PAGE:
Perhaps the most interesting candidate might be Alcatel-Lucent ALUA.PA Chairman Philippe Camus, who helped found EADS and served as co-chief executive for five years until being forced to resign by French President Jacques Chirac in 2005.
A return to center-stage would give the financial wizard and amateur jazz drummer an opportunity to bury past power battles. EADS and Alcatel declined comment, and it remains unclear if Camus wants the job.
Other possible candidates could include Jean-Louis Beffa, honorary chairman of glassmaker Saint-Gobain (SGOB.PA), and the ex-head of nuclear reactor maker Areva, Anne Lauvergeon. Beffa told Reuters he had not been approached: “I can’t confirm or deny anything”. A source close to Lauvergeon said she was “not campaigning” for the job.
Until now, EADS EAD.PA was governed by a complex shareholder agreement that gave France and Germany veto power over strategic decisions, using large stakes owned by the French government, French media firm Lagardere and German carmaker Daimler.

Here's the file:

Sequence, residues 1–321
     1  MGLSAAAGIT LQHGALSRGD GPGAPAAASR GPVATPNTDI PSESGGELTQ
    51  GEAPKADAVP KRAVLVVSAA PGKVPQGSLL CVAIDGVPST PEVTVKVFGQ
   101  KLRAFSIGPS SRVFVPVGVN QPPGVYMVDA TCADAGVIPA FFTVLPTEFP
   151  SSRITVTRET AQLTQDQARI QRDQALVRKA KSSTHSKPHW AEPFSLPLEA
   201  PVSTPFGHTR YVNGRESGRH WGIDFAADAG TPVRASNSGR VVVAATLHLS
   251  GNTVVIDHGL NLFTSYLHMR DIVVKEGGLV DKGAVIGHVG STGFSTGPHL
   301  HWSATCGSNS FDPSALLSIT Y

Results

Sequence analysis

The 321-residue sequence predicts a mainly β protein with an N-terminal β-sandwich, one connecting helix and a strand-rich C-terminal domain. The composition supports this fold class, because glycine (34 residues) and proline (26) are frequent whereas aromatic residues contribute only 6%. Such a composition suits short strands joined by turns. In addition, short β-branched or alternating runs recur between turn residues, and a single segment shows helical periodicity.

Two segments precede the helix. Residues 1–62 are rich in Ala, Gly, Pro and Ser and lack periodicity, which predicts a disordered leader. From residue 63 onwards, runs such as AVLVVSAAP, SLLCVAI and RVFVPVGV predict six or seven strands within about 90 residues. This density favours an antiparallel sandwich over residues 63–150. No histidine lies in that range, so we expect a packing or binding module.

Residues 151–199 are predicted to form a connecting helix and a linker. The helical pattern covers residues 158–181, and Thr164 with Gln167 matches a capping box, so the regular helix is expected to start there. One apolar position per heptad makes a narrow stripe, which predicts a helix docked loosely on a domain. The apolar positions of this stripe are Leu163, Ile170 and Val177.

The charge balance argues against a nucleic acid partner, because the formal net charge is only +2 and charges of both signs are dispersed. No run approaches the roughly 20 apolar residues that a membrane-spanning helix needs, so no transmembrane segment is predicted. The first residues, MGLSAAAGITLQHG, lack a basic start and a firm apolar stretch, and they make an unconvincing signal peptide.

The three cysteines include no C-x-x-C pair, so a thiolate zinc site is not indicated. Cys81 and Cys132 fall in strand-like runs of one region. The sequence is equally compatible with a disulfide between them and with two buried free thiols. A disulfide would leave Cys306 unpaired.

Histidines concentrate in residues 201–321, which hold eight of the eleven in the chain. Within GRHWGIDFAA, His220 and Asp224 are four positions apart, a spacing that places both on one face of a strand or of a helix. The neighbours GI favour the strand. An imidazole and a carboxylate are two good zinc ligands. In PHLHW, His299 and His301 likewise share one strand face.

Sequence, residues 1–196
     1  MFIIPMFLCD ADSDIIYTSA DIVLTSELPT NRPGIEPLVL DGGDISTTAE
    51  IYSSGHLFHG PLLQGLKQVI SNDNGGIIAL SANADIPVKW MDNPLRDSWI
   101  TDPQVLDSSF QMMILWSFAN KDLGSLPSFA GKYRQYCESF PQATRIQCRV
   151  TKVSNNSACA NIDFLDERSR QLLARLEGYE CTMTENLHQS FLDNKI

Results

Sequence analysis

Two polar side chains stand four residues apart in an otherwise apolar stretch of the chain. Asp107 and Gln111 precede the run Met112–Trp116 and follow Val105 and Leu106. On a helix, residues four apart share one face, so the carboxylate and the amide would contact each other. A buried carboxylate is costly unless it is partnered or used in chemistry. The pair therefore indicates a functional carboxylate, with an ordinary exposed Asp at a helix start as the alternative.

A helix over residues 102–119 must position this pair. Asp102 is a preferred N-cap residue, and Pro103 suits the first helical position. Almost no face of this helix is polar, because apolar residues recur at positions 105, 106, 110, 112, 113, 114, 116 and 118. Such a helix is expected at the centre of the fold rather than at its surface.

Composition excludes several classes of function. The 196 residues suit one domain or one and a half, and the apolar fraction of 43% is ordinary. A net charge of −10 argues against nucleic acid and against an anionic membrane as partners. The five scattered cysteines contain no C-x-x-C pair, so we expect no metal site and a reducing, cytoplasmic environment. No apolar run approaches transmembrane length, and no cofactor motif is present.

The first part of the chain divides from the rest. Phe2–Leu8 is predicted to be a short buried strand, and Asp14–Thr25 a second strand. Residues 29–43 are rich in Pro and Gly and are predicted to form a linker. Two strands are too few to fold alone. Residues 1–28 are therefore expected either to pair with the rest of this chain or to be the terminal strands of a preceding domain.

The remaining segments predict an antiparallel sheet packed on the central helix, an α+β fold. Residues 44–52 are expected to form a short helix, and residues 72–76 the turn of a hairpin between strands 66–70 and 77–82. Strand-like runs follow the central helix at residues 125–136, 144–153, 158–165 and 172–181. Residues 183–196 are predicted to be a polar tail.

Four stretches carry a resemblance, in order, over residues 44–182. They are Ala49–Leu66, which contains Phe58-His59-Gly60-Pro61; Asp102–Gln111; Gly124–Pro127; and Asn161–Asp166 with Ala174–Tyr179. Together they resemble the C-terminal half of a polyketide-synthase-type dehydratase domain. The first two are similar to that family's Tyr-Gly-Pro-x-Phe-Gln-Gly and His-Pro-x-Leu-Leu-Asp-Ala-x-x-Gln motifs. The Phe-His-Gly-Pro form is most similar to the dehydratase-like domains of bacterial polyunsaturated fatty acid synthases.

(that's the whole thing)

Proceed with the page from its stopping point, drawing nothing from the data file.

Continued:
Jobs were handed out under national quotas; future strategy and even the locations of factories and offices were political issues to be thrashed out by Paris and Berlin.
Under the new structure, Lagardere and Daimler are shedding most of their holdings. France and Germany will own just 12 percent each, theoretically allowing Enders to run the firm without worrying about political meddling. Quotas for jobs are meant to be a thing of the past.
The deal was reached during marathon talks in the febrile days late last year after the BAE (BAES.L) merger collapsed. According to sources present, the method of choosing board members was one of the most hotly debated issues, a central piece of the jigsaw puzzle that allowed the deal to take shape.
The need to find a new structure for EADS became urgent last October, as soon as Berlin vetoed Enders’s proposed $45 billion merger with Britain’s BAE Systems. Enders had hoped the biggest defense industry merger ever would dilute the French and German vetoes over his company, but that was now a dead letter.